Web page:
For this post I'll simply link to an article from Dungeon's Master, The Golden Level of Heroic Adventure. Though I would disagree that level 12 is a sweet spot (there's a greater power jump at 11, which is when you finally get to experience Paragon tier), I think that the author is otherwise right on the money. I'd add that the sweet spot starts at level 5 when you get your second daily, peaks at level 6 (which as the article mentions is an important feat level and you get a utility power, which is one of the most customizable elements in the game), and continues into level 7 (having three encounter powers increases your offensive capacity, particularly nova or alpha-strike in many cases, and boosts your overall versatility for many classes). Level 8 gives those PCs who started with even abilities (which is probably most of them) their first numerical boost, and the feat is certainly nice, but this is where you start inching toward Paragon tier and the challenges become much more difficult before you're fully equipped to deal with them. Status effects begin to creep up more often, and many fights pit you against Paragon level monsters (level + 3).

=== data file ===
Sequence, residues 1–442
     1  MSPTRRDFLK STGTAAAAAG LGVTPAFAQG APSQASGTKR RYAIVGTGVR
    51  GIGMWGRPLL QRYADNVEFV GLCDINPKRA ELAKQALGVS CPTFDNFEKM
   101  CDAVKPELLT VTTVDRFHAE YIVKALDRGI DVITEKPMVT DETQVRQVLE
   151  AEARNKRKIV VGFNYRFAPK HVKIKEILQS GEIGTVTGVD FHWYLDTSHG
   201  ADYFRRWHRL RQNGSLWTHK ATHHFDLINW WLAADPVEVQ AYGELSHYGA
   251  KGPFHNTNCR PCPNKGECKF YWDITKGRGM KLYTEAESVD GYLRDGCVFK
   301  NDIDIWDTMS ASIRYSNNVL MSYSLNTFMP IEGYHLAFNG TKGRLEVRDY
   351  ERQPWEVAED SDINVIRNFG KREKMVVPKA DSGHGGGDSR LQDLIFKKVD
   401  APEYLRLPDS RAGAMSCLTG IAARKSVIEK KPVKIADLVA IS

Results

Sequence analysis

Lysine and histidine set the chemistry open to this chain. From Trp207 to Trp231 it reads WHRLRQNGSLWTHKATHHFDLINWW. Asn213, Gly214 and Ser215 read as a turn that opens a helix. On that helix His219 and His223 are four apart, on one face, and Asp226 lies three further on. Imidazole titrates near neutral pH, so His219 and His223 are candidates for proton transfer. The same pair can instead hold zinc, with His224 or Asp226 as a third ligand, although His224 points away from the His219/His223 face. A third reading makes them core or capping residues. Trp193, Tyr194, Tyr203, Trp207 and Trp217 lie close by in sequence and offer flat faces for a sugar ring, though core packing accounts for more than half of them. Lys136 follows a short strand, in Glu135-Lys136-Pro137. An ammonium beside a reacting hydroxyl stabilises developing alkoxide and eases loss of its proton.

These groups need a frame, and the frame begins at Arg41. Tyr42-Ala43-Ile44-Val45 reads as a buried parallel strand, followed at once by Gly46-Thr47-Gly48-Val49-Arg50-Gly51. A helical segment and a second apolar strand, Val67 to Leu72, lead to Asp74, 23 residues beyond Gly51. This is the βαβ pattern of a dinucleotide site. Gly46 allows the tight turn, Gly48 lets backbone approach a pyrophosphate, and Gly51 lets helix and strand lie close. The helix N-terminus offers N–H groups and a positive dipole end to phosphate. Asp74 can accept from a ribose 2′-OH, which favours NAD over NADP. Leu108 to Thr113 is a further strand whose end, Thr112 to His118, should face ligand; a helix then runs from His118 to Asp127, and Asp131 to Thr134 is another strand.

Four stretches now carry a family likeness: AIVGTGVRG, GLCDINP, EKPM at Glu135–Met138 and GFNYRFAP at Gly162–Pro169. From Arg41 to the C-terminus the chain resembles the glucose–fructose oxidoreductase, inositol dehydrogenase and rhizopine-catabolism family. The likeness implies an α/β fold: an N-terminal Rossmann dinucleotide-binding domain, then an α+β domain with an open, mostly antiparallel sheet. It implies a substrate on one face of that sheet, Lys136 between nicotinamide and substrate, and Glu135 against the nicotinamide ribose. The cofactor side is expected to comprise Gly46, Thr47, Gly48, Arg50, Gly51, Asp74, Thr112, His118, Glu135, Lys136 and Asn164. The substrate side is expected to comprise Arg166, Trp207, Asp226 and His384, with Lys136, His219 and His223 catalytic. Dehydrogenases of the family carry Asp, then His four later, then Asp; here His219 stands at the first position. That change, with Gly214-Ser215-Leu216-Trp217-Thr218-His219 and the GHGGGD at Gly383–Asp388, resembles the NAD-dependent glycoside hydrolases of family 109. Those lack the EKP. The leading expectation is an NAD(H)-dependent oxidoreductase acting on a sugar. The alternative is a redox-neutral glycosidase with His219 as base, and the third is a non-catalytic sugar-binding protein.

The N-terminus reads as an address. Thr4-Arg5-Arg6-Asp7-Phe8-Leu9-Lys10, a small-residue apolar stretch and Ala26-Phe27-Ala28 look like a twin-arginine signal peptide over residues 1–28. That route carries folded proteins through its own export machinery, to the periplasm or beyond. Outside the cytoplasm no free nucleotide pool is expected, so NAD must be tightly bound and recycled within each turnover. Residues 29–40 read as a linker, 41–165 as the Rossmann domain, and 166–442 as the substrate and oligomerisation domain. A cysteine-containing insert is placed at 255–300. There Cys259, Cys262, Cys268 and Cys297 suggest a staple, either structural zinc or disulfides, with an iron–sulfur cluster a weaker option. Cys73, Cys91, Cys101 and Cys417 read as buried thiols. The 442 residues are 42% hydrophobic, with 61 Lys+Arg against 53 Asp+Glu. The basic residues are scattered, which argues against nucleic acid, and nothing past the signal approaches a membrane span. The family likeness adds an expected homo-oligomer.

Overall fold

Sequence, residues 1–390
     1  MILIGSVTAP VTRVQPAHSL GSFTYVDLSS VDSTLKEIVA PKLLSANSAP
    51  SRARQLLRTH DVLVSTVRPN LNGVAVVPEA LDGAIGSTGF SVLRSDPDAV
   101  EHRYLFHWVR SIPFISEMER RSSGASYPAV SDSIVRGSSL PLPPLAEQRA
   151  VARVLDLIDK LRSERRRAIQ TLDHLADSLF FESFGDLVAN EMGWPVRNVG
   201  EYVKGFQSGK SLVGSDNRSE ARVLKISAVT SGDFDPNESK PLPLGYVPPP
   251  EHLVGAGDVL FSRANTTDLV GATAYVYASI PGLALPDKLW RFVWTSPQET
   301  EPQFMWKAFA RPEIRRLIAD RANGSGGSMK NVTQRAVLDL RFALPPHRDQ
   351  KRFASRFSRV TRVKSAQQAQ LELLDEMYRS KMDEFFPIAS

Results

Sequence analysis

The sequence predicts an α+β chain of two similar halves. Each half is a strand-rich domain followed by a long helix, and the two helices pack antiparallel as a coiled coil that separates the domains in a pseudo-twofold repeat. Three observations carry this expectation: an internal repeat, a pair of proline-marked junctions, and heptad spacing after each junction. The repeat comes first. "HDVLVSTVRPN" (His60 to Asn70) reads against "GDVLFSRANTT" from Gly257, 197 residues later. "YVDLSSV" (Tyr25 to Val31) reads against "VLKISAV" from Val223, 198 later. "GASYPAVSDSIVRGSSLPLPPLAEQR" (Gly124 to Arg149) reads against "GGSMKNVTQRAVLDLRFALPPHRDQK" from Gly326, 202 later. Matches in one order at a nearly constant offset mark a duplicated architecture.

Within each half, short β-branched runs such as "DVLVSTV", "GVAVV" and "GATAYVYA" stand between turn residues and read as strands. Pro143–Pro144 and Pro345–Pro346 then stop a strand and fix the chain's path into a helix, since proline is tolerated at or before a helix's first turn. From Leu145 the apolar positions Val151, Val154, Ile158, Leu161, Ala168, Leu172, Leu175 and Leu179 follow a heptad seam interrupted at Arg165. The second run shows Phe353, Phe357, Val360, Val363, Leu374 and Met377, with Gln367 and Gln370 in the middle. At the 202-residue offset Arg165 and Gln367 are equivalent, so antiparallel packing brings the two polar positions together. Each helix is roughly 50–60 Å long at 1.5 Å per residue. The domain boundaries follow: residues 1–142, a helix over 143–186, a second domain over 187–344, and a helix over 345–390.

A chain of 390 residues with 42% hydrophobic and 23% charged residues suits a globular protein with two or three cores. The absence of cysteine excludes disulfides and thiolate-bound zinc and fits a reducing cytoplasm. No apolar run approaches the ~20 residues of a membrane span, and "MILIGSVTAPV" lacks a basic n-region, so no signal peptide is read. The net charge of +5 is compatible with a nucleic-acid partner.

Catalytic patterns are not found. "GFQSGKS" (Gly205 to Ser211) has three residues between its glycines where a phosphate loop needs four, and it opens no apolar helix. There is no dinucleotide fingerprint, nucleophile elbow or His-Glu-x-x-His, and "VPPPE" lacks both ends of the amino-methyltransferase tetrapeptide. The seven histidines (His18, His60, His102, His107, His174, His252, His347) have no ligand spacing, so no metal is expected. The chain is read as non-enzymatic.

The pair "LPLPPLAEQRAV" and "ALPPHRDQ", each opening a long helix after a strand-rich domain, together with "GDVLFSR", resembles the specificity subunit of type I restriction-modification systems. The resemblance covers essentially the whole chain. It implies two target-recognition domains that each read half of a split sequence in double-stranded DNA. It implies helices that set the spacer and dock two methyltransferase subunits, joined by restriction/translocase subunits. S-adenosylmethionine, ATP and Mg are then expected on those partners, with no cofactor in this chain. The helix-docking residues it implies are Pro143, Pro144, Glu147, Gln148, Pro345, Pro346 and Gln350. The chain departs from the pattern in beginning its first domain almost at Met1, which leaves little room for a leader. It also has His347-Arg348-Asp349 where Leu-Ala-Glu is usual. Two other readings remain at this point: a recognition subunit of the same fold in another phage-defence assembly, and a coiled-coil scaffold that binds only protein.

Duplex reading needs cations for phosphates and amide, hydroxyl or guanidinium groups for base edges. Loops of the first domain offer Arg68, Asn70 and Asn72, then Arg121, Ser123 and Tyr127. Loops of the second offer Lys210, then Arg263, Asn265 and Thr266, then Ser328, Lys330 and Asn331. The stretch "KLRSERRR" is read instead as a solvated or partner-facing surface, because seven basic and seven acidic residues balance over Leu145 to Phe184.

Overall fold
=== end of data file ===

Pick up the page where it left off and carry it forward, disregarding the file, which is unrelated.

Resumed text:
I think the most important issue that the author touched upon, however, is that as a DM you should use these sweet spots as benchmarks for your campaign's pacing. Something should culminate within the level 5-7 range, and after that a more difficult challenge should rear its ugly head. I've found late Heroic (levels 8-10, but especially 10) to be almost as challenging as early Heroic precisely because of the Paragon level threats that the Heroic PCs will face regularly. Using the same encounter design principles that you've been using (perhaps throwing a little more at the PCs since they're gaining power) will result in the PCs feeling slightly overwhelmed without much effort by you as a DM. Make sure that the plot matches this increase in difficulty, and then have the PCs finally reach a major turning point at level 10 or 11. At level 10 the PCs will be struggling by the skin of their teeth to defeat the final "boss" encounter. At level 11 you have a couple of choices as the DM; either use the power boost as a narrative element corresponding to a major advantage that makes the boss fight easier (showcasing the new power of the PCs), or take advantage of the PC's newly-acquired power to go all out with the boss fight (something that the PCs would be unlikely to have survived in Heroic tier). Either way, it pays to be aware of these sweet spots as you try to set your campaign's pacing.